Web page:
Migration makes Texas suburbs boom, while births boost big cities like Dallas

The major metropolitan areas of Texas remain among the fastest-growing in the U.S. — Houston-The Woodlands-Sugar Land ranks first, and Dallas-Fort Worth-Arlington is third — according to the latest estimates from the U.S. Census Bureau.

But the counties that make up those metro areas grow in vastly different ways. While most of the suburban counties grew primarily through domestic migration, the central-city counties relied much more on natural increase — births minus deaths — and none more than Dallas.

Half of Collin County’s growth in the year that ended in July 2013 came from people moving in from other parts of the U.S., and in Denton, almost 60 percent moved in.

Dallas County added close to 27,000 residents from July 2012 to July 2013, almost all of them — more than 24,000 — through natural increase, the Census Bureau reported. More than 9,000 arrived from other countries. In domestic migration, though, far more people moved out of Dallas County — a net loss of almost 6,000 — than moved in.

“If you look at state-level data over the last several decades in Texas, you find that about half of the growth is through natural increase. The other half would be migration, equally divided between domestic and international,” said Dr. Steve Murdock, former head of the Census Bureau and now director of the Hobby Center for the Study of Texas at Rice University.

“But now, the reality is that about half of our growth is still through natural increase, but the other half is now 20 percent international and 30 percent domestic migration,” he said. “And the big central-city counties are more reliant on natural increase than migration.”

Dr. Lloyd Potter, the Texas state demographer, said the state’s major urban areas “have a relatively young age structure and are increasingly Hispanic [a group with relatively higher birthrates], so natural increase is a significant component of their growth.”

“Whenever we look at population growth, people have a knee-jerk assumption that it’s being driven by migration,” Potter said. “That certainly drives a significant portion; in Collin and Denton counties, domestic migration is the driving force.”

But in the urban areas, births account for much of the growth, he said.

The state’s largest county, Harris, which encompasses Houston, added almost 83,000 people between July 2012 and July 2013 — almost 43,000 through natural increase and about 40,000 through migration, much closer to the historical ratio.

Tarrant County grew by about 30,000 people over the same period — 16,000 through natural increase and almost 14,000 through migration, but with domestic migration adding almost twice as many as international migration.

“These numbers are a little soft,” Murdock said. “They’re estimates. But they do show that Tarrant is different than Dallas and different from Harris in the ratio of international vs. domestic migration.

“The pictures between the older, central-city counties and the suburban counties are very different,” he said. “In places like Collin and Denton, domestic migration is very important, and they’re seeing lots of growth from that.

“In the urban counties, growth is mostly births over deaths.”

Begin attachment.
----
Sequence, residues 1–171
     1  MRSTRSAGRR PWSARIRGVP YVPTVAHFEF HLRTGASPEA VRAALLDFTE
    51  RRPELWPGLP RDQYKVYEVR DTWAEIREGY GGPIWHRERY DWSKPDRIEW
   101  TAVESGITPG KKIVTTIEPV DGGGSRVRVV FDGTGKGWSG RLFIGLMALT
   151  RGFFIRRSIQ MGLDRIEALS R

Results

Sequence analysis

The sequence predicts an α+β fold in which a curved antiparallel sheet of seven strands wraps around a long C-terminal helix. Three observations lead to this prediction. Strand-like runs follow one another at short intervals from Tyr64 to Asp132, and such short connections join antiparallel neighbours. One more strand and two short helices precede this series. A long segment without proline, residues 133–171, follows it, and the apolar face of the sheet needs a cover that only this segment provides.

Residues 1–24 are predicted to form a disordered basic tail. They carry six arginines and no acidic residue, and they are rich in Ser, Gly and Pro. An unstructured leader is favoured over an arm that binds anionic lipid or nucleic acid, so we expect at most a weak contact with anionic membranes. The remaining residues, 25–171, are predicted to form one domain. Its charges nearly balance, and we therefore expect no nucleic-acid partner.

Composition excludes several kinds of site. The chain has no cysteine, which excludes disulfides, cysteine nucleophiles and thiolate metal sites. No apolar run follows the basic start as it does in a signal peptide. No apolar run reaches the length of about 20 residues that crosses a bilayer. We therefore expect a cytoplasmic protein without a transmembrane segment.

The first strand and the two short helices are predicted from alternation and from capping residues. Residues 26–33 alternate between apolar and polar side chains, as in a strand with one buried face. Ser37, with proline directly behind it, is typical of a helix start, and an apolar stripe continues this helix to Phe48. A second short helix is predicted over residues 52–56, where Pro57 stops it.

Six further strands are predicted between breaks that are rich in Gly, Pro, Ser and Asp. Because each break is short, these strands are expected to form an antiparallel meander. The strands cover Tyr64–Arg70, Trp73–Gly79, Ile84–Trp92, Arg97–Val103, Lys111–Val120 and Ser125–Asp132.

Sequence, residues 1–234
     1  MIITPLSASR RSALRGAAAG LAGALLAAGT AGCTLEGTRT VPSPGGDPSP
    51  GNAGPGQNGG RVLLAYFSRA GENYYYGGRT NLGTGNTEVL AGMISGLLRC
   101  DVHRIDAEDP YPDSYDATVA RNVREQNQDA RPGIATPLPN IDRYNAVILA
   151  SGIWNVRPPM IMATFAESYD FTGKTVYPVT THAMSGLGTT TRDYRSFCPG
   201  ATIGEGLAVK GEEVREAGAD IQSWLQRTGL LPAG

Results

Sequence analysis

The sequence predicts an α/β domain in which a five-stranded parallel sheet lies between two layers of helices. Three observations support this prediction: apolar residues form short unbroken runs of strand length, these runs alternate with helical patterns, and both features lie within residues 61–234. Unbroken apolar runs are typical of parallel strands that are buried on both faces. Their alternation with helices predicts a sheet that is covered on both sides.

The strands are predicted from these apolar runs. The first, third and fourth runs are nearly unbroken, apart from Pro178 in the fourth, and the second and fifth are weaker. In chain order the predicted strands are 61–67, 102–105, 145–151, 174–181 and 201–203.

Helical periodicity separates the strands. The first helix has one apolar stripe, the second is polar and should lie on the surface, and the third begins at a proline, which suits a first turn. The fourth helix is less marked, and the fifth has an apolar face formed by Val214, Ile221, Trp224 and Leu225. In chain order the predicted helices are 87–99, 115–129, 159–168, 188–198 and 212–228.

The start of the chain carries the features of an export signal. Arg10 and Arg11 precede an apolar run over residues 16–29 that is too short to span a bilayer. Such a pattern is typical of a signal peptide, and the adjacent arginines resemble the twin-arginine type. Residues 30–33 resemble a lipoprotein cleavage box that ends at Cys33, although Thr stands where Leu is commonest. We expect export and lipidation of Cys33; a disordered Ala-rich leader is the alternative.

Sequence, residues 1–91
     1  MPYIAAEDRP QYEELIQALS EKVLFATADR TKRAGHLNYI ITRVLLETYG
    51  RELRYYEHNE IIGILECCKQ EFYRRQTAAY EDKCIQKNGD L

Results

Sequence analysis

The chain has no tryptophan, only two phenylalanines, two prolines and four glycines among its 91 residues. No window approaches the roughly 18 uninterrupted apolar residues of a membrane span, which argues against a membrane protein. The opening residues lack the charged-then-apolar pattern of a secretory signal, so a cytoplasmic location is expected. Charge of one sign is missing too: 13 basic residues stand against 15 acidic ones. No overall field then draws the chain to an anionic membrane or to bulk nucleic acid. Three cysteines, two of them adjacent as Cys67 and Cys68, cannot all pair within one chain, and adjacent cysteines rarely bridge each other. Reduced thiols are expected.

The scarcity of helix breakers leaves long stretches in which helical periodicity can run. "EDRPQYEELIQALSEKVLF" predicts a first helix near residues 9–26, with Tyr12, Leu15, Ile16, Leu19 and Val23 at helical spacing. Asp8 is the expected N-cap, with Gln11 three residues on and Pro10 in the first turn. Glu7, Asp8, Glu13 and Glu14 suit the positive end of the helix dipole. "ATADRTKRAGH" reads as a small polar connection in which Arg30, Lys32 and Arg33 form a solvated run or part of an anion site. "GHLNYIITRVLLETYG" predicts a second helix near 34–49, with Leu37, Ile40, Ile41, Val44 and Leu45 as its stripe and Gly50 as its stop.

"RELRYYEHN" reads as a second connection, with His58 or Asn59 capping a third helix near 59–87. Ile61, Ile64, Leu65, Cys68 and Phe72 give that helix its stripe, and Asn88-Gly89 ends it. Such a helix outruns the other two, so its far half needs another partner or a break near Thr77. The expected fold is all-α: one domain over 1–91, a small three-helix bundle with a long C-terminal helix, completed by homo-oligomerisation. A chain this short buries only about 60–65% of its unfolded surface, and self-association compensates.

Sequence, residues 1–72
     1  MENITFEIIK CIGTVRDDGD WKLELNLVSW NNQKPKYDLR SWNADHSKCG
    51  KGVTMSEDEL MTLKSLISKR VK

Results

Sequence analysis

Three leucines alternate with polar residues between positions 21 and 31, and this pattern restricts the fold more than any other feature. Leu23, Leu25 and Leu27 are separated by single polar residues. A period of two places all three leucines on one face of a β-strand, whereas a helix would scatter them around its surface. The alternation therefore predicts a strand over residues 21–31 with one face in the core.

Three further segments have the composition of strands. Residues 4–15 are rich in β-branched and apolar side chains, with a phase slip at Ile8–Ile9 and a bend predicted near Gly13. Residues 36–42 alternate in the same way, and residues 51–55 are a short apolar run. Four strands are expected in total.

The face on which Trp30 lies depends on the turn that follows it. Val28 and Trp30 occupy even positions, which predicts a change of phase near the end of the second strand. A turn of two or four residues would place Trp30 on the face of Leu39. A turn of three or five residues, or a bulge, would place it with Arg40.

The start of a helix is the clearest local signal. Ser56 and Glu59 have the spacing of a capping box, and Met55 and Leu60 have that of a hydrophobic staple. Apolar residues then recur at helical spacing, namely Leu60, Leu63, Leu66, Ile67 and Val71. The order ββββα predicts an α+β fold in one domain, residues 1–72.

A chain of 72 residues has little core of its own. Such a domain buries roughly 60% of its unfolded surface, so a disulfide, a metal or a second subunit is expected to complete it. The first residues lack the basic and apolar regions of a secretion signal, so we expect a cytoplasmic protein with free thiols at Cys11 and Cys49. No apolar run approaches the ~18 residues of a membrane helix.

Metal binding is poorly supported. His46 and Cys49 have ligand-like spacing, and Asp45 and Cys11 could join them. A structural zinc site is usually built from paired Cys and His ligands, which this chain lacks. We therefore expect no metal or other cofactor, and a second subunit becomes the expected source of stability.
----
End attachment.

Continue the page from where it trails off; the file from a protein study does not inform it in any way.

In its latest release of annual population estimates for counties and metropolitan areas, the Census Bureau noted that many of the fastest-growing places in the U.S. were in oil- and gas-rich areas in and near the Great Plains and along the Gulf Coast.

That included the booming areas around Midland and Odessa, Fargo and Bismarck in North Dakota, and Casper, Wyo.

The fastest-growing “micropolitan” areas — between 10,000 and 49,000 people — were in North Dakota, western Oklahoma, New Mexico and Andrews, Texas, which sits just north of Odessa and Midland.

The continued growth in Midland and Odessa stood out to Potter, who described the effects of the oil boom as “just kind of crazy.”

“Housing is very difficult to find, and a lot of the businesses that use people with commercial driver’s licenses are losing them to the oil fields, people like school bus drivers,” he said.

“It’s the same with the service industries,” Potter said. “The demand for those services is growing faster than the supply, and that’s why we’re seeing all the migration there.”

The Austin-Round Rock metropolitan area remains one of the fastest-growing in the country, Potter said. Increasingly, it is also having significant growth-related problems.

“As a culture, they’ve been somewhat anti-growth, but they’re still growing very fast,” Potter said. “Now the infrastructure there is starting to feel the pinch with things like roads.”

The latest numbers also reinforced another trend: the continued growth of metropolitan areas and the declining fortunes of more rural areas.

Nationally, metropolitan areas with populations of 1 million or more grew by an average of 1 percent, double the rate for smaller metro areas, the Census Bureau said.

Metro areas grew faster than the U.S. as a whole, and among the fastest-growing metro areas, migration was the greatest driver of growth in all but five, including Dallas-Fort Worth.

But the 1,335 counties not included in either a metro or micro statistical area saw a collective population decline of more than 35,000 between July 2012 and July 2013, with more than six in 10 of those counties losing population.

Follow Michael E. Young on Twitter at @mikeyoungDMN. 


Staff Writer


Published: 26 March 2014 11:16 PM

Updated: 27 March 2014 08:50 AM